In this sample set gene profiles confirmed not only the separation between tumors and NTs, but also and more interestingly, the transcriptome similarity among BRAFV600E mutated samples, either primary or LNMs post RAI, thus suggesting that radioiodine treatment minimally affects the expression profiles of RAI-refractory lymph metastases with respect to primary tumors.

In this samples group we also confirmed the up- and down- regulation of previously reported PTC-related miRNAs (revised in [24]). In addition, we found a correlation with genotype and a more pronounced miRNA downregulation in BRAFV600E and BRAF-like tumors, suggestive of more dedifferentiated tissues.

To the best of our knowledge this is the first study investigating gene/miRNA expression in tumor samples from RAI refractory patients, and including not only primary PTCs, but also synchronous and RAI-refractory LNMs. We found gene and miRNA deregulations consistent with those described by previous reports, such as the TCGA study [30], which analyzed primary PTCs, regardless of the RAI classification. In addition, according with TCGA [30], that describes how PTC subclassification is influenced by BRAF−/RAS-subtype and by the expression of thyroid related genes (TD score), along with the histological variant and driving lesion, we found that in our series from RAI-refractory patients (RAI+/D+ and RAI−/D+) the major classifying features are still the driving lesion (and in particular BRAFV600E), the BRAF−/RAS-subtype and the TD score.

Among TD genes, NIS was found to be significantly dowregulated in RAI-refractory tumors, and particularly in RAI−/D+ cases, consistent with the clinical behavior. As an original finding, also SLC26A4 was significantly more downregulated in RAI−/D+ than in RAI+/D+ cases, suggesting that these cases are even more dedifferentiated and that if a small amount of RAI is uptaken, it is immediately washed out due to the lack of the apical transporter [56]. Finally, TPO was downregulated in both RAI refractory classes, as expected for tissues not able to organify and thus retain iodine into the colloid. By evaluating these crucial genes in relation to the genetic pattern, we found that NIS appeared to be similarly reduced in BRAFV600E and fusions positive tumors, whereas TPO, SLC26A4 and TD score were significantly more downregulated in BRAFV600E tumors than in fusion positive tumors. Interestingly, these data were further confirmed by analyzing other series from public repositories and are consistent with the already reported dedifferentiation [30] and RAI refractoriness associated with BRAFV600E mutation [9, 10].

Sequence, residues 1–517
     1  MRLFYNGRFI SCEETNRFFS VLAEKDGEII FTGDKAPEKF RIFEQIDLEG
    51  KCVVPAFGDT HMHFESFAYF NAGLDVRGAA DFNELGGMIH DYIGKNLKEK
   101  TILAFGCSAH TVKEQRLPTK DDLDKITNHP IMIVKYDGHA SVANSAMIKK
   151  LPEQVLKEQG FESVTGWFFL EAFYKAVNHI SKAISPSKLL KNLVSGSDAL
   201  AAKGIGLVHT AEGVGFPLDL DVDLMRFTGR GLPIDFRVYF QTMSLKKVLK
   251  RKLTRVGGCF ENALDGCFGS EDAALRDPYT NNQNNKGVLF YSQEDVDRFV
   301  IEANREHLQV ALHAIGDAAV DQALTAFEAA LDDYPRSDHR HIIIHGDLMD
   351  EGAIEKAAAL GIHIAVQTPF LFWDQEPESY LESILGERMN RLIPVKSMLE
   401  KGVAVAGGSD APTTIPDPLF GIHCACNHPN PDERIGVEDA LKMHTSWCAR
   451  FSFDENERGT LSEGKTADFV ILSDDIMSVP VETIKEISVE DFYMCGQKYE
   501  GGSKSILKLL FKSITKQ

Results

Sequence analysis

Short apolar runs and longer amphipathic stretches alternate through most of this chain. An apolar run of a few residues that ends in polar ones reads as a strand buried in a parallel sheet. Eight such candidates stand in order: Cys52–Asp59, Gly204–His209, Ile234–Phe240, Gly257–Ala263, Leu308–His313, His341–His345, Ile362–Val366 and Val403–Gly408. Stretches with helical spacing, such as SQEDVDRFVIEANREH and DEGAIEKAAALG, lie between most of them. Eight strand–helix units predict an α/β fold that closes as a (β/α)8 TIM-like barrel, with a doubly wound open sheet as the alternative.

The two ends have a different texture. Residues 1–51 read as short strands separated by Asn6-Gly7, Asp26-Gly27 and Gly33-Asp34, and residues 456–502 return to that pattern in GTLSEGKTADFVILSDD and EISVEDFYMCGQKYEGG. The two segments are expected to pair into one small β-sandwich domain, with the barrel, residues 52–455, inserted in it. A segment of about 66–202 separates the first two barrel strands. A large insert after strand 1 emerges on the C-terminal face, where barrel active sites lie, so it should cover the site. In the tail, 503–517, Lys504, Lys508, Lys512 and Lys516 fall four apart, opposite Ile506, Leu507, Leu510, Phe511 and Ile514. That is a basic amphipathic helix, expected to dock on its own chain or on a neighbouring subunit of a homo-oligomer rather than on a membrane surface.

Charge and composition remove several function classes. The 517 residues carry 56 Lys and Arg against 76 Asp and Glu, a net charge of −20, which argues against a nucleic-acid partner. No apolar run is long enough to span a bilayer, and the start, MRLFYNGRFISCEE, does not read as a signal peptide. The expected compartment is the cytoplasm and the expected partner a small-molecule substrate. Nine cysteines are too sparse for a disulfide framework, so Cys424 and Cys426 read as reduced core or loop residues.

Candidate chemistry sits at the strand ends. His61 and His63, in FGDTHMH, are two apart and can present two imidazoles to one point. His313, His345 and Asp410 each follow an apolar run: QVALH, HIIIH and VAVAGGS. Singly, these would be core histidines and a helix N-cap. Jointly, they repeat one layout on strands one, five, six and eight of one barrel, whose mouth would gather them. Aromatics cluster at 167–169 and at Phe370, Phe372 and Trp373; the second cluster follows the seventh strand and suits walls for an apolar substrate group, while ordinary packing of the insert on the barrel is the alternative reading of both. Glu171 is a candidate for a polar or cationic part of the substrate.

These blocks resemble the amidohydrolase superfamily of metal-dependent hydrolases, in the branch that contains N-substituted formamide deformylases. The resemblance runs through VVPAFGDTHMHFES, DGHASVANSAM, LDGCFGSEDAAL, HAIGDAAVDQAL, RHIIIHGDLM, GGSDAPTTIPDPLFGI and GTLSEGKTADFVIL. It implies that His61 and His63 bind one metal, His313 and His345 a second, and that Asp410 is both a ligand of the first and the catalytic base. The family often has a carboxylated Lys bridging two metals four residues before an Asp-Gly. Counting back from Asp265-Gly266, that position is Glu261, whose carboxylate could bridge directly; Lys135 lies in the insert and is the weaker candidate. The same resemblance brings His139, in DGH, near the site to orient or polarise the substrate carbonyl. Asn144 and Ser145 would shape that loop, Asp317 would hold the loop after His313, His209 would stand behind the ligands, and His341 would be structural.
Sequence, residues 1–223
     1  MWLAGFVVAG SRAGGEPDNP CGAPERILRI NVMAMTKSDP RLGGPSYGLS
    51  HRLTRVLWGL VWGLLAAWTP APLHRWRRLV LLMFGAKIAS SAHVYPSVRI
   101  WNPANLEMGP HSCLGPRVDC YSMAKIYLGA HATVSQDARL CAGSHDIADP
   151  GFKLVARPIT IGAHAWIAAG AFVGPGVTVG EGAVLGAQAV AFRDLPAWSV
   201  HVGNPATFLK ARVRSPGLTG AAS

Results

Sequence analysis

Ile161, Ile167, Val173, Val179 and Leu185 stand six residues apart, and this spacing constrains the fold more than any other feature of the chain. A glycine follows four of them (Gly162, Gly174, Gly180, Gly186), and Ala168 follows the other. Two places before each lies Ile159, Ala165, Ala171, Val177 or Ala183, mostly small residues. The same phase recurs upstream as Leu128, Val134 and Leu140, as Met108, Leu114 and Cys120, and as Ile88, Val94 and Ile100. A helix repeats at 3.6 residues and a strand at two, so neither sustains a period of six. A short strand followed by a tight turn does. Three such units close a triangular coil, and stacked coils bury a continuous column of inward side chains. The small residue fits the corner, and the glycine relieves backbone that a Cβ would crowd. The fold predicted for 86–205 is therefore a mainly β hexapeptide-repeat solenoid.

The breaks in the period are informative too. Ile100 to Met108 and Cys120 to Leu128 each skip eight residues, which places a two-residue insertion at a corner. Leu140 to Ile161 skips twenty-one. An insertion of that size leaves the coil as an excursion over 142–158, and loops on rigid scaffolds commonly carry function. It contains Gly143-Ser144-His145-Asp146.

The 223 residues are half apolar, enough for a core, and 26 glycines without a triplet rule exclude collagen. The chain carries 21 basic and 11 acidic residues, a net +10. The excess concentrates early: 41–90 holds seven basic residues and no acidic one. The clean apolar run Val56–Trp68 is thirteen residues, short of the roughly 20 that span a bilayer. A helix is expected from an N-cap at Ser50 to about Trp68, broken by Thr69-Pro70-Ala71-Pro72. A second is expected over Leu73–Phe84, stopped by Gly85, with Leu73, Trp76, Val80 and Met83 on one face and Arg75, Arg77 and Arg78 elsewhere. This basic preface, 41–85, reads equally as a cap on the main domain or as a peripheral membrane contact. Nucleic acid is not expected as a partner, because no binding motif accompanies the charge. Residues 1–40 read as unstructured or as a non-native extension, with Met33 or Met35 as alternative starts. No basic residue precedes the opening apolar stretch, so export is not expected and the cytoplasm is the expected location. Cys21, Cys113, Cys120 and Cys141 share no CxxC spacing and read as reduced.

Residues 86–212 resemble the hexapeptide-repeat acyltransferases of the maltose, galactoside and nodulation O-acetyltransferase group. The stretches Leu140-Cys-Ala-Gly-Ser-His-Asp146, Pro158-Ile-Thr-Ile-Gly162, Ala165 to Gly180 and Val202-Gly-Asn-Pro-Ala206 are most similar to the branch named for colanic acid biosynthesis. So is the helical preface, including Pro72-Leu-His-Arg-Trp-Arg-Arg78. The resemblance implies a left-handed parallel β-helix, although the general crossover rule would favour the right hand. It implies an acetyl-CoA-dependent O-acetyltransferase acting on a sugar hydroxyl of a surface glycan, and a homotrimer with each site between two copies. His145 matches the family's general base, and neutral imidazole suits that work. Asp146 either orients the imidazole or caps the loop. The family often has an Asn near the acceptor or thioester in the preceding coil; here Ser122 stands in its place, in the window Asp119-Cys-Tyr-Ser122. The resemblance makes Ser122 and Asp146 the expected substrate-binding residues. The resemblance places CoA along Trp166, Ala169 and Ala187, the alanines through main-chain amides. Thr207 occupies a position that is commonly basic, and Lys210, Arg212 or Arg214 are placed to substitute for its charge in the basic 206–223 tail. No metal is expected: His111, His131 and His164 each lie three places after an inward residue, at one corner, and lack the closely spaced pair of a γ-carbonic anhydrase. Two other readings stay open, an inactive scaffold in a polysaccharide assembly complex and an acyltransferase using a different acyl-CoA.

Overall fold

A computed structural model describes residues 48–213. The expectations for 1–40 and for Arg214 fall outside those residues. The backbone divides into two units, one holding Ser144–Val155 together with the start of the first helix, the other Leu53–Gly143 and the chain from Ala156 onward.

Further studies to get more insights into the functional relationships among BRAF and RET/PTC oncogenes, RAI uptake and expression of thyroid differentiation genes such as NIS and SLC26A4, would be useful. In this context it was demonstrated that in mouse thyroid cancers with conditional BRAFV600E expression the lack of radioiodine incorporation depend on BRAF activity [57]. In the clinical setting, promising data on redifferentiation have been obtained with new compounds targeting BRAF or MEK, such as Vemurafenib, Dabrafenib, Trametinib, and Selumetinib, though the anti-tumor effect is variable, ranging from a partial to a null response, possibly due to the histopathological and genetic heterogeneity of mutated tumors [11,12,13,14,15,16,17,18,19]. Finally, based on the original data obtained in the present work, future studies will be particularly focused on the possible effects of RET/PTC oncogenes on RAI uptake, since to the best of our knowledge no data are available on this topic.

Conclusions

We studied the molecular profile and gene/miRNA expression in primary PTCs, synchronous and RAI-refractory LNMs in correlation to RAI avidity or refractoriness.